Ethnic differences in inflammation: Association with obesity and insulin resistance

Immaculeta Achilike, The University of Texas School of Public Health


Inflammation has been linked to cardiovascular disease and diabetes. Minorities including African Americans and Hispanics have greater risk of both cardiovascular disease and diabetes than non-Hispanic whites. Additionally, it is also known that racial/ethnic groups differ in levels of inflammatory markers. STUDY QUESTION: Are ethnic differences in inflammation explained by differences in metabolic traits including adiposity, insulin resistance, glucose tolerance and liver fat? METHODS: This study is a cross-sectional analysis of 1,027 non-diabetic participants in the Insulin Resistance Atherosclerosis Study (IRAS), a large tri-ethnic population (African Americans, non-Hispanic whites, and Hispanics) across different states of glucose tolerance. Markers of inflammation examined were C-reactive protein (CRP) and plasminogen activator inhibitor-1 (PAI-1). Explanatory variables examined include BMI, insulin sensitivity index (SI), 2-h glucose assessed by the oral glucose tolerance test, and liver fat (non-alcoholic fatty liver disease [NAFLD] liver fat score). Racial and ethnic differences in markers of inflammation are analyzed by one-way ANCOVA. Independent relationships between markers of inflammation and demographic and metabolic variables were established using linear regression analysis. RESULTS: BMI, 2-h glucose, SI, and NAFLD score had comparable relationships with CRP concentration across the racial/ethnic groups in the study (p for ethnic interaction >0.11 for all relationships). These metabolic variables also had similar relationships with PAI-1 concentration across racial/ethnic groups (p for ethnic interaction >0.18 for all relationships) except for BMI (p for ethnic interaction = 0.04). Compared with non-Hispanic whites, both African Americans (2.10 ± 0.20 vs. 1.51 ± 0.08 mg/L, p = 0.001) and Hispanics (2.01 ± 0.17 mg/L, p = 0.003) had higher CRP concentration. PAI-1 concentration was also higher in Hispanics (18.9 ± 0.97 vs. 15.5 ± 0.63 ng/ml, p = 0.003), but lower in African Americans (13.3 ± 0.82 ng/ml, p = 0.036). BMI, 2-h glucose, SI, and NAFLD score largely explained the excess concentration of CRP in African Americans and PAI-1 in Hispanics, but not the excess concentration of CRP in Hispanics and the lower levels of PAI-1 in African Americans. CONCLUSIONS: CRP and PAI-l concentrations have a similar relationship with metabolic variables across ethnic groups. Ethnic differences are demonstrated for both CRP and PAI-1 levels. However, adiposity, glucose tolerance, insulin sensitivity, and liver fat did not account for all the ethnic differences in CRP and PAI-l. This research supports the need for improved methods of identifying and stratifying disease risk allowing for better allocation of resources in healthcare. Future research needs to examine other determinants of racial/ethnic differences in CRP and PAI-1 levels (e.g., genetic factors) as well as the impact of race/ethnicity on the relationship between CRP and PAI-l levels and cardiovascular disease.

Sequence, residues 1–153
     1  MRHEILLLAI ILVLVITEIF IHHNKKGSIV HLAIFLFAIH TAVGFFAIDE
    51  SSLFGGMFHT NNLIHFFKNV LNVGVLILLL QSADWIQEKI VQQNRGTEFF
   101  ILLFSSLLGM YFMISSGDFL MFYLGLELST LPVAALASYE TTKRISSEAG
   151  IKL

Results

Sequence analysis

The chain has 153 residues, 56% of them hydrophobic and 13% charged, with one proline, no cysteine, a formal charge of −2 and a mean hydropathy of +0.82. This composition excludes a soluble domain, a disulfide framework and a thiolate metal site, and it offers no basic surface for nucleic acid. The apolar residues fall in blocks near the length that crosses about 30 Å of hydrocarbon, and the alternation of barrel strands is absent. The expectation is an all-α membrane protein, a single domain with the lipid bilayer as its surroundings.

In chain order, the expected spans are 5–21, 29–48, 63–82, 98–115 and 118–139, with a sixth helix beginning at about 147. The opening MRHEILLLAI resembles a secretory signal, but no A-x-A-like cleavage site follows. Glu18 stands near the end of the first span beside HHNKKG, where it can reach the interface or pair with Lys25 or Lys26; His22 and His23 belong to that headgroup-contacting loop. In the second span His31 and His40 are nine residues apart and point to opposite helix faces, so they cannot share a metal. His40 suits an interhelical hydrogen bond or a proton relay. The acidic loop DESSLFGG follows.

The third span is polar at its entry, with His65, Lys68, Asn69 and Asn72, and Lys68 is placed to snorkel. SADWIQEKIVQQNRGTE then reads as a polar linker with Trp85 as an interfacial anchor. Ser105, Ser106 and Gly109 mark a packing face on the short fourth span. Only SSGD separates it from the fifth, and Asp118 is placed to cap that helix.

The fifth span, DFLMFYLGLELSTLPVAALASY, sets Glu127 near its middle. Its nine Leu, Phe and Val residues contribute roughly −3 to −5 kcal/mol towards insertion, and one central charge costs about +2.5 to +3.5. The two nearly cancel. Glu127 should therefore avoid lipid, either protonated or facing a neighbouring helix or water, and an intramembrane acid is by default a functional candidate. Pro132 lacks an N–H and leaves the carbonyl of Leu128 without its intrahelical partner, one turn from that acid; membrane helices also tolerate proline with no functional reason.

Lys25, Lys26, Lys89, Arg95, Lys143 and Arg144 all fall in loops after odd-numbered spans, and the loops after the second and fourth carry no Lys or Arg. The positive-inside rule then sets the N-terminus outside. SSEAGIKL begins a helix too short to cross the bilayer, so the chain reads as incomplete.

Subject Area

African American Studies|Medicine|Ethnic studies|Hispanic American studies|Epidemiology

Recommended Citation

Achilike, Immaculeta, "Ethnic differences in inflammation: Association with obesity and insulin resistance" (2013). Texas Medical Center Dissertations (via ProQuest). AAI1549817.